You hear the someone blowing their bagpipes in the distance. Squatting, you take control of your log. It’s the biggest one you’ve ever had. The butt nesting firmly in your hands, and pole resting on your shoulder weighing you whole body down. Your thighs go rock solid as you lift your log with your feet firmly planted on the ground. It doesn’t get any lighter as you manage to stand upright. You notice the crowd, there are lots of people who have come out to watch you toss, don’t disappoint them.
The Caber Toss is probably the most iconic Scottish sports, and has been included in the Highland Games since the Victorian era. This event is a true test of testosterone fuelled men proving “I can toss my log better than you”.
The exact origins of the Caber Toss are unknown. Theories range from lumberjacks transporting newly fell trees to rivers, and military origins, using the caber to as a means to cross streams or scale castle walls. Just as plausible, but not as interesting, is the theory that it was invented by a bunch of lads trying to impress a lass, because you know, nothing attracts the girls like a giant tosser.
One of the greatest tossers in history was a man by the name of Donald Dinnie. He participated in many of the early Highland Games between 1850 and 1890. He became infamous for refusing to toss for Prince Albert until he paid him a £2 appearance fee.
Since Victorian times, the sport has grown with the Highland Games which has now spread worldwide to wherever there is a strong enough Scottish diaspora to support it. Australia, New Zealand, the United States and Canada all host regular Highland Games events, many of which are community events targeted at families.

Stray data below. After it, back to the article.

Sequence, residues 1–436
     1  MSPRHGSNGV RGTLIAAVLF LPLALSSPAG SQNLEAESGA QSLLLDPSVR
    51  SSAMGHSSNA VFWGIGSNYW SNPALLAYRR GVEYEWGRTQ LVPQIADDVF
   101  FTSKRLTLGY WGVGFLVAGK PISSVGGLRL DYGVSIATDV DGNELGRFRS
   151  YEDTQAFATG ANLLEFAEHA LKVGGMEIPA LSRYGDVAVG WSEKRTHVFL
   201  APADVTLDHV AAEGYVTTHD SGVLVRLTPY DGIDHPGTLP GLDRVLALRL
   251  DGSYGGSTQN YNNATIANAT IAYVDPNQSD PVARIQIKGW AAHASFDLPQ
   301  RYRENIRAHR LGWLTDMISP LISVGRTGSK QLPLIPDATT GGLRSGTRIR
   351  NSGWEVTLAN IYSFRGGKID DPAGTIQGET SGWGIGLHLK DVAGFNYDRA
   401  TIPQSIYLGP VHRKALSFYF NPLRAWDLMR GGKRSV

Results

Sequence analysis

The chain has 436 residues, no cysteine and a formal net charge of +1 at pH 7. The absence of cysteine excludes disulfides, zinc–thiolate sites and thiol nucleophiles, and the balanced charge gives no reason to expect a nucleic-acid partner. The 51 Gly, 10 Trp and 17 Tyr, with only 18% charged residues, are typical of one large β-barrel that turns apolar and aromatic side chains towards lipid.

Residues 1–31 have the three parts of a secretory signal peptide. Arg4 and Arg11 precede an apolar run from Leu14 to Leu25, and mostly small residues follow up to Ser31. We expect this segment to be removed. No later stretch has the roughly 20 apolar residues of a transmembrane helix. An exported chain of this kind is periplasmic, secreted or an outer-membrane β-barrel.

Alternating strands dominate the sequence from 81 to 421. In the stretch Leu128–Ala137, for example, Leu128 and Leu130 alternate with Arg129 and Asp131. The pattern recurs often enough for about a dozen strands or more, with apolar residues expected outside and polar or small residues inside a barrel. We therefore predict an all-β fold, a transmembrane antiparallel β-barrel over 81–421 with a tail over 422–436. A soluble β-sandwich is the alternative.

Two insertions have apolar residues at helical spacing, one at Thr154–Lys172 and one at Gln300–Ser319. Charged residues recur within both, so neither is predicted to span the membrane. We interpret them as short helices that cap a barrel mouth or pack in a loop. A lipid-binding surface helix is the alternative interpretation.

The basic aim is to toss a log as straight as possible. Starting from a squat position, athletes hold the butt of the log in their hands and can use a run up to gain momentum. The athlete is to heave the caber in an upward direction to flip it on its head, and the butt must fall pointing away from the tosser.
The length of the caber ranges from 16 – 22 feet (4.9 – 6.7 metres) and can weigh between 100 – 180 pounds (45 – 82 kg). If the caber is too heavy, and no athlete can toss it, it can be cut down to a more tossible size, but if one person can toss it successfully, it can not be shortened.
Contrary to the usual assumption of throwing sports, the Caber Toss is not scored on distance, but on accuracy. The caber must fall in a straight line from the tosser, i.e. land at 12 O’Clock. Points are deducted based on the degree of inaccuracy.
How to Experience the Caber Toss
The best way to experience this sport is at the highland games. These can be found both in Scotland and worldwide. The world’s largest games are hosted by the Caledonian Club of San Francisco and attracts over 50,000 spectators. If you are in Australia for the Commonwealth games, consider doing a side trip down to the Brigadoon Highland Gathering in the Southern Highlands of New South Wales for a family friendly day of Scottish culture. The event will be held on Saturday 7 April and is about an hour drive from Canberra, so plan accordingly.